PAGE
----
Because he was accusing them of crimes, police procedure required that they call their sergeant to come and be on scene. They called and the sergeant arrived shortly. When the sergeant arrived, Spector was again hostile, and continued to accuse the police of trespassing. Finally he became so unruly that the sergeant handcuffed Spector. After Spector was restrained, the two officers looked through the first floor of the house, found Miss Melvin’s purse under a table and returned it to her.

Melvin was asked if she pressed charges against Spector for the assault and she said “no”. When asked why she responded , “I didn’t want it to become a National Enquirer cover.”

On cross Melvin admitted that she did see Spector after the Fourth of July incident, but that she was never again alone with him. She testified that she was too scared to be in his presence without other people. She said the communication continued until she was questioned by homicide investigators working on the Clarkson case.

She admitted she took his daughter out to dinner when she came to New York and received occasional postcards from Spector, which she kept. Defense attorney Roger Rosen displayed a half-dozen postcards, most signed “Love, Phil.”

Melvin also said they sometimes exchanged e-mails, and Rosen seized on a joke she had e-mailed to Spector just two weeks before the murder.

The attorney read the joke, which involved a proctologist and a gynecologist at a cardiologist’s funeral, prompting roars in the jury box. Melvin, however, said she could not recall specifically sending the message.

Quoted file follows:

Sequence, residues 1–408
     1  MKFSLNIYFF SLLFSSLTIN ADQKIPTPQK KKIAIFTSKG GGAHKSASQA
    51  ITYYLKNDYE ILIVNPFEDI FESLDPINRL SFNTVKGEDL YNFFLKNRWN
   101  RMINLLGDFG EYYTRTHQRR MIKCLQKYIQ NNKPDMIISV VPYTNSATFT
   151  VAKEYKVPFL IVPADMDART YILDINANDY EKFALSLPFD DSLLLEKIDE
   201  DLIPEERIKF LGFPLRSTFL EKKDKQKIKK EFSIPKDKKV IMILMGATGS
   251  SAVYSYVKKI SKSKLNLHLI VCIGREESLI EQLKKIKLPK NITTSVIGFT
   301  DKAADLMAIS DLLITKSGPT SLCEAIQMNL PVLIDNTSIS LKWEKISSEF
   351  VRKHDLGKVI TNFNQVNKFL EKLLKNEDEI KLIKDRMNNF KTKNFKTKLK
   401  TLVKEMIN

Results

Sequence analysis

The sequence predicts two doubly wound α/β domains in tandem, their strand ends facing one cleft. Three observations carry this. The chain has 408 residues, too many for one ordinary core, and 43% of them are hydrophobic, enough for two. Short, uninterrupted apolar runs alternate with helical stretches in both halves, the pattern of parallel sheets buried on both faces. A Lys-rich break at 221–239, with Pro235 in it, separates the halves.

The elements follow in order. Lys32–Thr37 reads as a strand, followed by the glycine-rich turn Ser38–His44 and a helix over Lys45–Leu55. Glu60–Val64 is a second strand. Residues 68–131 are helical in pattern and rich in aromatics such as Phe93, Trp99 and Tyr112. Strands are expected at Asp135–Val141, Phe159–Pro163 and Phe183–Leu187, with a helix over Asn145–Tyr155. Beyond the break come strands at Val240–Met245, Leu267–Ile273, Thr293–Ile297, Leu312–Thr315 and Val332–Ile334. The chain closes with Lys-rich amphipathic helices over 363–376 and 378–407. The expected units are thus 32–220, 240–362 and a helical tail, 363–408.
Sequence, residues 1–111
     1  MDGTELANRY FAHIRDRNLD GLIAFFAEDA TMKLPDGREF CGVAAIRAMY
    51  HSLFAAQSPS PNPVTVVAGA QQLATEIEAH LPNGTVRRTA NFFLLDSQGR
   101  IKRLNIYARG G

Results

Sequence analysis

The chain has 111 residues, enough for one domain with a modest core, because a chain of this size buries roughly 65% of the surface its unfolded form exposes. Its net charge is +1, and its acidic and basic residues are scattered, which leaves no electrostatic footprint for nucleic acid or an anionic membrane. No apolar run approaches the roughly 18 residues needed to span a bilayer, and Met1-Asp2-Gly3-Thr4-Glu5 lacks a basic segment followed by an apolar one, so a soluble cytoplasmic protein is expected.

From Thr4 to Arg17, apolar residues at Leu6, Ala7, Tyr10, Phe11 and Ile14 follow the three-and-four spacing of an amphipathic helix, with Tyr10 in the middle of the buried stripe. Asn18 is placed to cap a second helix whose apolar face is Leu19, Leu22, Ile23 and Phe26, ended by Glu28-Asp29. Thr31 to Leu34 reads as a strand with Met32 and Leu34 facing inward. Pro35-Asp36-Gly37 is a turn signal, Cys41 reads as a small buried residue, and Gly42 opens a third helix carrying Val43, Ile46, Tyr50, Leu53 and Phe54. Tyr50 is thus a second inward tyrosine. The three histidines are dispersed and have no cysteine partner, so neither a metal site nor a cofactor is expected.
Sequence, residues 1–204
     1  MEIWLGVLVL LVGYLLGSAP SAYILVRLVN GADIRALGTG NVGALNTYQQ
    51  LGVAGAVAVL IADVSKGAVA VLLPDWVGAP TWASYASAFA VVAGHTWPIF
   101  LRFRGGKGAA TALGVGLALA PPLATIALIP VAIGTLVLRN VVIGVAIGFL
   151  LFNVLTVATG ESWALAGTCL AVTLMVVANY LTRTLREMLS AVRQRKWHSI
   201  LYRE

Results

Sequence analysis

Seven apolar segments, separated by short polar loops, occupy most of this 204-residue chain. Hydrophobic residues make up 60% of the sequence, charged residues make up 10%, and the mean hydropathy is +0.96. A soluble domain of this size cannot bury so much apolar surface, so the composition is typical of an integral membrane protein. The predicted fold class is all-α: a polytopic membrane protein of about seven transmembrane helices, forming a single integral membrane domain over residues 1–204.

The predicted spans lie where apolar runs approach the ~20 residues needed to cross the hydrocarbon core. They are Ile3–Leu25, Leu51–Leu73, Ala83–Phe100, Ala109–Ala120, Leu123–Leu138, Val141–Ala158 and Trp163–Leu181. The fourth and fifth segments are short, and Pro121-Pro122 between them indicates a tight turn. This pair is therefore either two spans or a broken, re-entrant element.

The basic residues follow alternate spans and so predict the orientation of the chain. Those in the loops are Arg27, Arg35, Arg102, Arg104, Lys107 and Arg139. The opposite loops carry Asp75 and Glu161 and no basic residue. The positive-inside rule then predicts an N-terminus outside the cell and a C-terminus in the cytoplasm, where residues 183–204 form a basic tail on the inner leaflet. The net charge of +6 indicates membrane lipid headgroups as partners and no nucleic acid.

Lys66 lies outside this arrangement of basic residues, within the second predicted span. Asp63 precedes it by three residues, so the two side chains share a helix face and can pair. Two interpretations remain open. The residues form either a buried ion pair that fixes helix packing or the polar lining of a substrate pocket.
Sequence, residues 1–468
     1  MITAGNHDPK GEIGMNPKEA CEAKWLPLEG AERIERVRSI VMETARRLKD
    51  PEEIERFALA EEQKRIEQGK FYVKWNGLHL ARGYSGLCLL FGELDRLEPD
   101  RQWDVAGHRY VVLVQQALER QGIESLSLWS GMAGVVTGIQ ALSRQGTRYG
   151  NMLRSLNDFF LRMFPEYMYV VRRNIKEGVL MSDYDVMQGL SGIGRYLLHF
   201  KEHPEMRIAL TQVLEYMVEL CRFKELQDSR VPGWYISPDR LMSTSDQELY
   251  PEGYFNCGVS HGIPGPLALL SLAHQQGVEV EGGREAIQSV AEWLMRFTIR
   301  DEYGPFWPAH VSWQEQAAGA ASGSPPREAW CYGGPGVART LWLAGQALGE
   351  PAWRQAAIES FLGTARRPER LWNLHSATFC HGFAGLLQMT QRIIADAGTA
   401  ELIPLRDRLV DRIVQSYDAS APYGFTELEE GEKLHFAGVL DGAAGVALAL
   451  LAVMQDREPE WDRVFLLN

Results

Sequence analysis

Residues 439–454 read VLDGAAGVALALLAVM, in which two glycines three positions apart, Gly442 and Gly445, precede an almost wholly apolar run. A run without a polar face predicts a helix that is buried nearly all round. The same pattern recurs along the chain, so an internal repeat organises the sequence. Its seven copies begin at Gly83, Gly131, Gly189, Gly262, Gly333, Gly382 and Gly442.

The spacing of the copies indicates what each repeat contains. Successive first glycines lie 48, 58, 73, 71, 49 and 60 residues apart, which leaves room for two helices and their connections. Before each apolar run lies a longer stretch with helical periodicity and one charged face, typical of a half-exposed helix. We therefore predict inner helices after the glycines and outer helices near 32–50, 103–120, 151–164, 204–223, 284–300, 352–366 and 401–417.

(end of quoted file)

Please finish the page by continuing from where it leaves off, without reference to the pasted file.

“And I don’t get it either,” she said of the joke, prompting more laughter.

She also told jurors that she was flattered when Spector, who she met at a jazz club in New York, expressed an interest in her. “I’m a child of the ’50s and ’60s, and I was always a fan of his music,” she said. She said he courted her by leaving her messages on her answering machine that included portions of the song ‘Let the Four Winds Blow’. “The lyrics are a little embarrassing,” Melvin says, before launching into them. “I like the way you walk. I like the way you talk.”

The defense also brought out that she neither sued Spector criminally nor civilly regarding the incident, that she did not seek medical care for her injuries, and that she could not testify whether or not the gun he had pointed at her was loaded.

Monday, Officer Ross of the Pasadena Police department, who responded to the incident involving Melvin, is expected to take the stand.